Business Fraud and Embezzlement
“In modern business it is not the crook who is to be feared most, it is the honest man who doesn’t know what he is doing.”
I recently came across a Facebook article about a former bookkeeper who pled guilty to two grand theft embezzlement charges and two felony identity theft charges after stealing a total of $685,000 between 2007 and 2012 — $325,000 from her full-time employer and an additional $360,000 from a second, part-time employer.
While the story of what allegedly took place is gut-wrenching, the store’s owner delivered the following message:
“I’m telling this story so other small business can be aware of what can happen to them once someone steals your trust,” [Owner] said. “No matter how good you think your bookkeeper is, or how much you trust them, you better be routinely checking your bank statements. Unfortunately, this is an all too familiar story that has been repeated over and over throughout history. If we had just implemented a few theft prevention policies and procedures — it would have saved both companies a lot of money. We’ve made it through the worse time — we survived this unimaginable nightmare. We certainly learned some important lessons … to survive, we made some adjustments in how we do business and today the company is more efficient than ever and we plan on becoming a bigger and better company after all this.”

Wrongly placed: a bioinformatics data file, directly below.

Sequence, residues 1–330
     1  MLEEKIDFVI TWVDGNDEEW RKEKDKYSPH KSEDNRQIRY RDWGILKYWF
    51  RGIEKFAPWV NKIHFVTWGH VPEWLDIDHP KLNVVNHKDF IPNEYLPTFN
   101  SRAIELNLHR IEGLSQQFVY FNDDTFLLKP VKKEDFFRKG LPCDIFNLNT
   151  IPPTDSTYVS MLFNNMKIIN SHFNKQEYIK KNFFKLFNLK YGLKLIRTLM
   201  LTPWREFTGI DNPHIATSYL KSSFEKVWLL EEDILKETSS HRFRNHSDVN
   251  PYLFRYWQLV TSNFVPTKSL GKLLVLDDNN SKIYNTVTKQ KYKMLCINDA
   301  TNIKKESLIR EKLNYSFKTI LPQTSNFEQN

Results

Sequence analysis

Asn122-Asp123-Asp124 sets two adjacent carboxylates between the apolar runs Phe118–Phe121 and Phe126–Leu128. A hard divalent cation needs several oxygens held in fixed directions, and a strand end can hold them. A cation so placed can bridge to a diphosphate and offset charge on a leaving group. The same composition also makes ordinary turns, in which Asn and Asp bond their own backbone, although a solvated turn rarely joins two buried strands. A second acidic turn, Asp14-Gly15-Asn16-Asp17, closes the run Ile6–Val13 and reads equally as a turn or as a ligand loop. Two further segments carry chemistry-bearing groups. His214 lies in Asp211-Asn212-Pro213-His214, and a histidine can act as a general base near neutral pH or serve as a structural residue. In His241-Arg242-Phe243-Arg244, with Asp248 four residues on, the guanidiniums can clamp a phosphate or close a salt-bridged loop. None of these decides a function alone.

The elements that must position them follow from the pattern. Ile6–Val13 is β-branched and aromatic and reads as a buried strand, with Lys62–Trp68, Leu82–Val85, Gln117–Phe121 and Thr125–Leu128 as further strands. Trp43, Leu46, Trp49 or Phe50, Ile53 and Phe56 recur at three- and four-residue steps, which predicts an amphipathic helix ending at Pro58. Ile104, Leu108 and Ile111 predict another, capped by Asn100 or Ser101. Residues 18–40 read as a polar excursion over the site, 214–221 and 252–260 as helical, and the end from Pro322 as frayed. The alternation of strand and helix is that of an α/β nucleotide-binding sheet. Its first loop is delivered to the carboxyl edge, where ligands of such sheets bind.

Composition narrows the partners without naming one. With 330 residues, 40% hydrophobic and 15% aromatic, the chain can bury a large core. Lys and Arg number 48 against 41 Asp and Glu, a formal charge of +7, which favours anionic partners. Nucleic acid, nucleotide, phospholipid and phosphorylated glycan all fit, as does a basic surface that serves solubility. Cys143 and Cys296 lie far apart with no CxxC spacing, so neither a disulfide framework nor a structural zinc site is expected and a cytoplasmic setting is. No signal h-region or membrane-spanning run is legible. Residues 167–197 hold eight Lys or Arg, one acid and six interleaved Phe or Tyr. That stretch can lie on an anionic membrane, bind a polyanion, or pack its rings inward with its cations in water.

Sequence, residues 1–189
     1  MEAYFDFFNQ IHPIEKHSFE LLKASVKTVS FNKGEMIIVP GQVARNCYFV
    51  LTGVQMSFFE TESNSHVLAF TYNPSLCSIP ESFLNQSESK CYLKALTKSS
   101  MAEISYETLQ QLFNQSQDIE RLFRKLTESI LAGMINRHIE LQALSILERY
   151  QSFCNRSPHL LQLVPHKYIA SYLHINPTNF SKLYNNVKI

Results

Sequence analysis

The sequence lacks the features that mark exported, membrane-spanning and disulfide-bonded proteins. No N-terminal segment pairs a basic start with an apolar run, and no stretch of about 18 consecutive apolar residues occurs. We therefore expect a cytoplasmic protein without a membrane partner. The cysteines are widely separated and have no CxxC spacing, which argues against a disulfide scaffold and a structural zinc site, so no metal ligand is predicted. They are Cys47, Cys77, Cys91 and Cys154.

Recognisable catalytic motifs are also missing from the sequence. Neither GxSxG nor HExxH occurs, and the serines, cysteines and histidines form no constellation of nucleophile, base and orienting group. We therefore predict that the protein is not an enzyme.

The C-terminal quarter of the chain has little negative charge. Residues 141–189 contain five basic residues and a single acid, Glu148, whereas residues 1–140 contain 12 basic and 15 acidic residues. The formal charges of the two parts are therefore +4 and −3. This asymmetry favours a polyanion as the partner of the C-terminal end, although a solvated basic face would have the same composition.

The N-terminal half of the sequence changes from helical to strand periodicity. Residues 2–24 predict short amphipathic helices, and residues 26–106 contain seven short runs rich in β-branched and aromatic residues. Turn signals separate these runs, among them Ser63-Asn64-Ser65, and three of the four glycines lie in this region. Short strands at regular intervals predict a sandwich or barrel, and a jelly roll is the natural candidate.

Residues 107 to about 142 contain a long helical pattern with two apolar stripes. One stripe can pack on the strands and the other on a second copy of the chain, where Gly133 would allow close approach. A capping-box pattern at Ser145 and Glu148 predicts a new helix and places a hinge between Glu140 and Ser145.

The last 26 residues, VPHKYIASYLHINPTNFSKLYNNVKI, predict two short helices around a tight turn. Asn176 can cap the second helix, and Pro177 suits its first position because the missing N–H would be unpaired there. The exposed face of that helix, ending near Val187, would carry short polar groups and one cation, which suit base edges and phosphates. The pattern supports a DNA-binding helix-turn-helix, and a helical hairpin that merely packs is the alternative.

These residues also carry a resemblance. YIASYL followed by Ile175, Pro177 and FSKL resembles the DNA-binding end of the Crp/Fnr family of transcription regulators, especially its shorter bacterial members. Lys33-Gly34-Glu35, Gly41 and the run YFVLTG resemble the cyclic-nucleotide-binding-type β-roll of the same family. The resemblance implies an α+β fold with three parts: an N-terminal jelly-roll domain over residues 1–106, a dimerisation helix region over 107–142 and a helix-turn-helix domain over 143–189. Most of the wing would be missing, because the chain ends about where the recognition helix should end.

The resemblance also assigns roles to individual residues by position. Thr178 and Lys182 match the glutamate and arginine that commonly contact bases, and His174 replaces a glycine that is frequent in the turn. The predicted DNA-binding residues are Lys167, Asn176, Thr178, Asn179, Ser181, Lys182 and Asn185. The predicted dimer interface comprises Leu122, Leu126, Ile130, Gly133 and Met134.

As an individual who has investigated and studied crimes against businesses for over four decades, I should add that while the above owner’s focus was on his bookkeeper, the fact is that, wherever people are employed, opportunities abound for a dishonest individual to steal literally hundreds, thousands, or millions of dollars from their employer with little fear of detection! Bottom-line, internal fraud and embezzlement crimes are taking place in hundreds, if not thousands of organizations throughout the United States and could be happening in your business right now . . . But how would you know? That is the question, is it not?
My goal is to use this blog to help all types of organizations minimize their risk to internal fraud and embezzlement. In my upcoming posts, I will introduce you to a few of the more critical things that I have learned, and also provide a few easy to implement tips on ways to significantly reduce your organization’s risk to these crimes.
Jack L. Hayes